Religious beliefs and practices are universal across societies, although there is great variation in how people think about God and Spirits, practice ritual, engage with supernatural powers, and believe about what comes after death. This variety can be explained by adopting a functional approach, as in Durkheim’s definition that religion is whatever dominant concern serves to create solidarity and Paul Tillich’s axiological definition that religion is whatever provides orientation for one’s life. The idea that religion evolved to benefit larger moral communities, as argued by University of Virginia psychologist Jonathan Haidt and his graduate student Jesse Graham, also fits the category.
Even though some psychologists – echoing Sigmund Freud – characterize religion as pathological, it still has a strong hold on the lives of most Americans. The two-thirds of the population identifies as religious, and their beliefs influence their daily thoughts and behaviors. In fact, studies show a direct link between what people say is essential to their faith and how they behave day-to-day.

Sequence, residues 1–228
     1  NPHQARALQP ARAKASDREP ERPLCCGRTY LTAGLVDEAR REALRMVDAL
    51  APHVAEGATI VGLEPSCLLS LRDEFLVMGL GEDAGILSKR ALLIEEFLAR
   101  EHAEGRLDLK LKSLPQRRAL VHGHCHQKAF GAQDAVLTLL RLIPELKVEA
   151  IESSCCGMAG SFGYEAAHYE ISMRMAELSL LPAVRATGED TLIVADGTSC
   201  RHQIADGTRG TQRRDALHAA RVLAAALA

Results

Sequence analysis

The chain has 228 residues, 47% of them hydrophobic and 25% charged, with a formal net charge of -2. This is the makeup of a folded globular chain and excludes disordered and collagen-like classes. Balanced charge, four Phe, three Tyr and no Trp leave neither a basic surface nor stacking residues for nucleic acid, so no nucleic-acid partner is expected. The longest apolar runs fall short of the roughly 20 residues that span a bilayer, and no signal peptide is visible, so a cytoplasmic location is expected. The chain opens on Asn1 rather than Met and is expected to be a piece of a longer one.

Research links the practice of Religion to a host of social benefits, including better health, learning, economic well-being, self-control, and relationships with family, friends and community. And it reduces the incidence of many of society’s most vexing problems, including divorce, crime and delinquency, out-of-wedlock births, drug addiction, anxiety, and prejudice. A fourth C, for community, can be added to the list. This is because the human brain is a kludge of different operating systems, from the ancient reptilian or fight-or-flight instincts to the limbic or mammalian brain (emotions) and the more recently evolved neocortex (rationality). For many, Religion provides a way to balance these competing demands.